REM light-rail line to go underground in downtown Montreal
MONTREAL -- There could be some major changes in the plans for the REM light-rail line in Montreal, as officials want a downtown portion of the line to go underground.
The Caisse de Depot, which is putting the project together, said Thursday that the downtown portion of the line heading east and north will include an underground tunnel beneath Rene-Levesque Blvd. from Robert Bourassa station to the intersection of Jeanne-Mance St./Rene-Levesque Blvd. intersection.
It's the newest adjustment to the REM de l'Est to avoid an elevated track all the way down the major Montreal artery.
Concerns have arisen that the tunnel is not long enough and that the Jeanne-Mance and Rene-Levesque intersection would be closed causing a major nuisance for drivers on the busy section of road.
Promotors of the project, however, see the tunnel as being a major bonus to maximize efficiency in the public transit systems.
"You can connect with every line of existing subway including the future REM," said Caisse president Jean-Marc Arbaud. "That's, I believe, the main advantage."
Studies were done on the feasibility of making the tunnel even longer, but concerns about cost and delays mean that's no longer on the table.
Montreal Mayor Valerie Plante's administration wants to see more studies done.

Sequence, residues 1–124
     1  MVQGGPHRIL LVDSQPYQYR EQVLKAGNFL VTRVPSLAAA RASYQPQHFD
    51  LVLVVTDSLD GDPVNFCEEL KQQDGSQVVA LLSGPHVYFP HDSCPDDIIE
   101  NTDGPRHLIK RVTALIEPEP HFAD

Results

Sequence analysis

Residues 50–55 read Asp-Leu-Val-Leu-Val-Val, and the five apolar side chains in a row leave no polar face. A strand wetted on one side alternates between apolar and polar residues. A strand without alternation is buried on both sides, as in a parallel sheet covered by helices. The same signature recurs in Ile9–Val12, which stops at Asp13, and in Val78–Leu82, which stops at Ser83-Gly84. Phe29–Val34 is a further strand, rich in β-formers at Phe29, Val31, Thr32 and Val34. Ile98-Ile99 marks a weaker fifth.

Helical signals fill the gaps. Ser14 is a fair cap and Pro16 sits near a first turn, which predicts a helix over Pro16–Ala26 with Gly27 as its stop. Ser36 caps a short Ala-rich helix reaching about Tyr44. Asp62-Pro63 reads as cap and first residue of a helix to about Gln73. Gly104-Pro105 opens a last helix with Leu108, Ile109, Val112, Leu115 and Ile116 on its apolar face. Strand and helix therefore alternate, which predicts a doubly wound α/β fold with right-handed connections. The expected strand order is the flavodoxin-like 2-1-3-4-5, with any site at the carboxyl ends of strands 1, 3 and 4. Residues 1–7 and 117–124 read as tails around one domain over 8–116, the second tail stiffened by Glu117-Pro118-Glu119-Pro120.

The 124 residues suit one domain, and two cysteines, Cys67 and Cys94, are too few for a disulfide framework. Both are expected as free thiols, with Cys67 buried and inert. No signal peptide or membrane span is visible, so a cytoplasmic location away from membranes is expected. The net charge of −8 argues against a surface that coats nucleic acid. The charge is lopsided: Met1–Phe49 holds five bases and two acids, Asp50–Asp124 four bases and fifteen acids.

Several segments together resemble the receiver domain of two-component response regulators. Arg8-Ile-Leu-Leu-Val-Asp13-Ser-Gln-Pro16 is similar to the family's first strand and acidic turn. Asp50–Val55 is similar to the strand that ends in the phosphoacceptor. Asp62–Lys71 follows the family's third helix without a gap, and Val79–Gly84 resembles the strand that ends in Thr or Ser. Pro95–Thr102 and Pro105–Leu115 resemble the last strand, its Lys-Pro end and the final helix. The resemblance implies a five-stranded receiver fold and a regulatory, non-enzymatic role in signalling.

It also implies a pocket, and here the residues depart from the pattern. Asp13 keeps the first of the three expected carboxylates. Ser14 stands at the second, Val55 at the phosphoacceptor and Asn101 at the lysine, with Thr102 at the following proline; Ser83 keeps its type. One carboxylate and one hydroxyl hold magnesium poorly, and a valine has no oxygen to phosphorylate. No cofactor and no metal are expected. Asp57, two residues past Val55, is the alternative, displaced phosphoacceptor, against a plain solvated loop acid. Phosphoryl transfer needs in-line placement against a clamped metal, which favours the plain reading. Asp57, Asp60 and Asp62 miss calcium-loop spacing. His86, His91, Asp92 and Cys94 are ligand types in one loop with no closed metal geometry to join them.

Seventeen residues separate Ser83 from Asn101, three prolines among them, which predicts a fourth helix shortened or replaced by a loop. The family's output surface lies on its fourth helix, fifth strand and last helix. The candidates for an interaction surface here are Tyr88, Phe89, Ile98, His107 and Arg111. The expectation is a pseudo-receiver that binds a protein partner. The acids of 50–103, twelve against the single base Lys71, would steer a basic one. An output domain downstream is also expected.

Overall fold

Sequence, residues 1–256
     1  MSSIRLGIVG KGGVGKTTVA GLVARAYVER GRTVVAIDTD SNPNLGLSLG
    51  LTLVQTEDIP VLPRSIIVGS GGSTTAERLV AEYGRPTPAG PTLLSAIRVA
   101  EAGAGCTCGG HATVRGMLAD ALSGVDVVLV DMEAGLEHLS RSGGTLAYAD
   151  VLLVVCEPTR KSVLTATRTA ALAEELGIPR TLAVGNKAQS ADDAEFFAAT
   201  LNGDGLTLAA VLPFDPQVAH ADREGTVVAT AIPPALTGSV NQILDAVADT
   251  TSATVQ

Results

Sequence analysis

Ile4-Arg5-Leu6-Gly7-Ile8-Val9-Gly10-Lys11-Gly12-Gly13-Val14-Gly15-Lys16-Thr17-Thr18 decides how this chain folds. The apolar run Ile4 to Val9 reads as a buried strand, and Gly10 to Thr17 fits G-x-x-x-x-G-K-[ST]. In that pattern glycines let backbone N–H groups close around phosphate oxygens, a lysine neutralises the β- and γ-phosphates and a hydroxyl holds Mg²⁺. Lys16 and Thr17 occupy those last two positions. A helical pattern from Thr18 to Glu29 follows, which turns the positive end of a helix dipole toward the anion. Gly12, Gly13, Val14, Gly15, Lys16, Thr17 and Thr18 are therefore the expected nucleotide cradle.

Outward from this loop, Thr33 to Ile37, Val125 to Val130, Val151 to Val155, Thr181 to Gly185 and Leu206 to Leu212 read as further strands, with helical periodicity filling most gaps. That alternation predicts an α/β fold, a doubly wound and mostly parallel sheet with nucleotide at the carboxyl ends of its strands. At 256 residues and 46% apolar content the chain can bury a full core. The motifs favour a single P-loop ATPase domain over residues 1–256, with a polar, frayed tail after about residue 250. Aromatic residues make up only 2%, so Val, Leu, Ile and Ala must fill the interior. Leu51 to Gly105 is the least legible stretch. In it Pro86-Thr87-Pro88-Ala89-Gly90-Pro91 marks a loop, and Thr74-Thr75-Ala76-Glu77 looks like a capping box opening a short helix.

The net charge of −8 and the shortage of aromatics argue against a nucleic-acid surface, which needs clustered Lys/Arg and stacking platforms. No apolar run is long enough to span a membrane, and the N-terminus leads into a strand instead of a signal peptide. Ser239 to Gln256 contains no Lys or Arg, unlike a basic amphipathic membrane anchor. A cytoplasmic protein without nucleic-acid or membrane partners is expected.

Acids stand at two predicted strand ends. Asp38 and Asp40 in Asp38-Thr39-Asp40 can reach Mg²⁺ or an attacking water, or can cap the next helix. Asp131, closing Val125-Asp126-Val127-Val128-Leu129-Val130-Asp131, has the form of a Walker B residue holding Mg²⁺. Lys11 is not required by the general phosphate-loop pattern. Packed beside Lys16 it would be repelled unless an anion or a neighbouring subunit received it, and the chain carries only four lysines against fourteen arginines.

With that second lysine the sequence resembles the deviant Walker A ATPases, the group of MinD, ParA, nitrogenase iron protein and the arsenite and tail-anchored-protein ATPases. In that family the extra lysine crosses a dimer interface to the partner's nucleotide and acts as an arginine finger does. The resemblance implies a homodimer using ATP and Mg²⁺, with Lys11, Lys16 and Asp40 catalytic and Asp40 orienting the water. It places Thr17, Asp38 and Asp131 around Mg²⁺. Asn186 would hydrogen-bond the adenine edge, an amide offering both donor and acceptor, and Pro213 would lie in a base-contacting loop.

"We have a lot of challenges for urban integration of the REM de l’Est," said executive committee member Eric Alan Caldwell. "Those studies, the effort that we must put to find other solution, to study them, to price them has to be done for all the REM de l’Est."
Many groups are concerned about the train's aesthetic appeal, and worry it could scar the city's image.
"I have to say we support the project but we are asking many questions about the urban integration," said Quebec Urban Planners Order's Sylvain Gariepy.
Gariepy isn't just worried about downtown, but also about other parts of the city like Sherbrooke and Notre-Dame streets.
"The structure will remain above ground and that is a concern for us," he said. "How will it look like, how will it impact the quality of life of the people that living on those streets?"
UQAM professor Nathalie Drouin is an expert in project management and said social acceptability is a key issue, but building a project that attracts people can help.
"What does it mean to build national pride," she said. "It means also having an innovative and very beautiful design. I’m not sure we’re there yet."
The project will be studied by Quebec's environmental review board in 2022.